NASCAR 's Carl Edwards Accidentally On Purpose Airs Society's Dirty Laundry

Kara MartinSenior Analyst IMarch 10, 2010

ATLANTA - MARCH 05:  Carl Edwards, driver of the #99 Scotts Ford, sits in his car during practice for the NASCAR Sprint Cup Series Kobalt Tools 500 at Atlanta Motor Speedway on March 5, 2010 in Hampton, Georgia.  (Photo by Jason Smith/Getty Images for NASCAR)
Jason Smith/Getty Images

We are a society that loves “train wrecks.”

Say you don’t slow down just a little to see the carnage on the side of the road when you see the lights of an ambulance up ahead and I won’t believe it.

Truth is we all have a little rubber in our necks, some more others, but we all do.

No matter how it makes us feel in the end, we love to watch.

We all have our reasoning as to why. Some look on in sadness and despair. Some watch in horror, praying for a miracle. Some are pumped by the adrenaline that flows through their bodies while awaiting the outcome.

Regardless of the reason, we are a bunch of unapologetic "Looky Loos."

Comedian George Carlin once said during a stand-up performance,

“If my car should happen to be in such a position where I can't quite see what's going on, can't get a good enough look... I'm not the least bit shy about asking the police to bring the bodies over a little closer to the car!

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"Pardon me, officer. Will you fellows mind dragging that twisted-looking chap over here a little closer to the car, please?’ ‘My wife has never seen anyone shaped quite like that. Look at that, Sugarlips, that's his rib cage, sticking out of the glove compartment! Thank you, officer, that will be all now. You can throw him back on the pile, we'll be moving along.”

Being a comedian, it was Carlin’s job to push the envelope regarding situations such as this, but how many people listening to him chuckled to themselves, “Sounds like something I would do!”

Not only do we love to watch, we love to talk about it!

Automatically, we describe in detail exactly what we saw and start form our own opinions as to who was at fault. We talk about it with just about anyone who will listen.

We analyze the situation over and over again, hoping to make some sense of it all. We try to justify the reasons behind why we were watching in the first place and secretly wonder if the excitement we felt is concern for future deviant behaviors.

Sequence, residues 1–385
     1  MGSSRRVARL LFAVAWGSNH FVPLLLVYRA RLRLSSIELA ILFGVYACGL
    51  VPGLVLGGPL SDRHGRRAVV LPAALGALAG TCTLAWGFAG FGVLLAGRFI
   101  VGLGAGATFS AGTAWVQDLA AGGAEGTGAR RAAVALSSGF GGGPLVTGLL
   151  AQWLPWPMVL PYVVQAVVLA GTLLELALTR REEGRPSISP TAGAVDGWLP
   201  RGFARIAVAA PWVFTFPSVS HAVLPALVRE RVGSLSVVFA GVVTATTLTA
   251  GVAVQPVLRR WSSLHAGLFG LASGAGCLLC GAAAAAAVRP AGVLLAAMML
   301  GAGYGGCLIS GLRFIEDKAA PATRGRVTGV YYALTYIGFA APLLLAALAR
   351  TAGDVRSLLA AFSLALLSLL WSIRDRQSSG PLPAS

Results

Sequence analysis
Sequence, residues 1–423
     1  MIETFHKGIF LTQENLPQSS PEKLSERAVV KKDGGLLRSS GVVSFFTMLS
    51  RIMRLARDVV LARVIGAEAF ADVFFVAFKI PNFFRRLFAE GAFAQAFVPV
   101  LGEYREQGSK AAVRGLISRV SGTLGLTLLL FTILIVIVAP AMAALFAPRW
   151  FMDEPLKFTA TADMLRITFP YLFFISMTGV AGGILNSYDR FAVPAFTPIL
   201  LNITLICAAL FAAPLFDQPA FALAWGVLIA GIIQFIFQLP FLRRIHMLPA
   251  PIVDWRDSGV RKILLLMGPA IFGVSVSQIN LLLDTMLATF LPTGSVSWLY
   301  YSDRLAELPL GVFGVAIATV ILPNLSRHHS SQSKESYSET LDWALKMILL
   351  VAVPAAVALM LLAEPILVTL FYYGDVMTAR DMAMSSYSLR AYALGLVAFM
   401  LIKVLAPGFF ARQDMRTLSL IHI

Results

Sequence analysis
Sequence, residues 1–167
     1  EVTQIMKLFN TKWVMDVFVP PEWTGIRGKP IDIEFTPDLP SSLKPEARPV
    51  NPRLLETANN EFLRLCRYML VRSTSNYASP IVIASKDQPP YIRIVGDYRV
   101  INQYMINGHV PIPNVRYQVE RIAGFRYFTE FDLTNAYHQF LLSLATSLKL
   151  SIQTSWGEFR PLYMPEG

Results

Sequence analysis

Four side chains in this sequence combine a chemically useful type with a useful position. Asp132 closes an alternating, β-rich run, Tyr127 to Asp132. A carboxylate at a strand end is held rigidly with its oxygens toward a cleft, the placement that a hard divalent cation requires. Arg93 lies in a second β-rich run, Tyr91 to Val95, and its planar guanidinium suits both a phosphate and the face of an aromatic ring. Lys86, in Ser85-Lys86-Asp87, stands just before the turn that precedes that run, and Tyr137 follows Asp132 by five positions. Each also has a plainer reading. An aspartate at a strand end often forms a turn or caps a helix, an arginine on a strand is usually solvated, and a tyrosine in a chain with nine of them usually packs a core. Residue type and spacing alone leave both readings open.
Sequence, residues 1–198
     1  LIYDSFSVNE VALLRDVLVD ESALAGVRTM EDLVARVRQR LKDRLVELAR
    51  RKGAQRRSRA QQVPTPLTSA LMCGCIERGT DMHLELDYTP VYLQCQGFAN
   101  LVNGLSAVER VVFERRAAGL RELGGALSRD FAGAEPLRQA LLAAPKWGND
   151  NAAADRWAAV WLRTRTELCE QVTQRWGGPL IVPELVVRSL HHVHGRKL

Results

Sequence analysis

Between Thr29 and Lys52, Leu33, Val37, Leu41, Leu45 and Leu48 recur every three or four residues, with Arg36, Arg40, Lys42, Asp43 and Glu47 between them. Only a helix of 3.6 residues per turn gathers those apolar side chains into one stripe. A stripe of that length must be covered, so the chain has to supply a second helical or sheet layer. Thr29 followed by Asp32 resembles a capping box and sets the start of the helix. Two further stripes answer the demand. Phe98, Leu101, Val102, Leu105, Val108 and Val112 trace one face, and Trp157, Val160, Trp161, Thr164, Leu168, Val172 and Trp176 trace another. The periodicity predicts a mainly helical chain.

For example, a few weeks ago I was witness to one of the most horrific sights I have ever seen during my career in the Emergency Room.

It wasn’t my patient, but the hype surrounding the event was sickeningly more than I could bear. I had to see it for myself, I needed to be a part of that discussion.

I stood in the trauma bay and looked at the lifeless body covered in a blood stained sheet and thought to myself, “Don’t do it, you’re close enough.” But I needed them to “bring the bodies closer to the car.”

I lifted up the sheet and I looked.

In hindsight it was something that I could have gone a lifetime without ever seeing something so brutal, but oddly it needed to be done.

In the case of the Edwards/Keselowski wreck, it too oddly needed to be done.

While I do not agree with NASCAR’s punishment, the accident opened up a much needed discussion. One that needs to be detailed and repeated to anyone who will listen.

This year NASCAR’s motto was, “Have at it boys.” This past weekend in Atlanta proved that without proper guidelines, boys will indeed be boys.

We witnessed adolescent behavior from seemingly grown adults. Stock cars aren’t glorified go-karts driven by overgrown juveniles. They are hard driving horsepower surrounded by muscle and metal that should be treated with respect.

It takes a skilled driver to pilot the machine safely around a speed hungry oval, the very last thing we need is intentional horse play at 190 MPH.

Much like the image that I witnessed in a hospital setting, the crushed wreckage of the No. 12 car will stay with me as a reminder of what is right and wrong.

Hopefully the same holds true for our drivers, officials, crew members and NASCAR as a whole.

May this latest incident serve as a reminder to not only expect the unexpected on the track but to accept the unexpected, learn from it and keep the feuding off the track.

As a driver, it is OK to bring a boyish edge to the track, just remember when it is time to step up and be a man.

Any NASCAR fan knows that accidents are a product of the environment. They are always going to happen, but can we please just keep them as they are intended...accidents.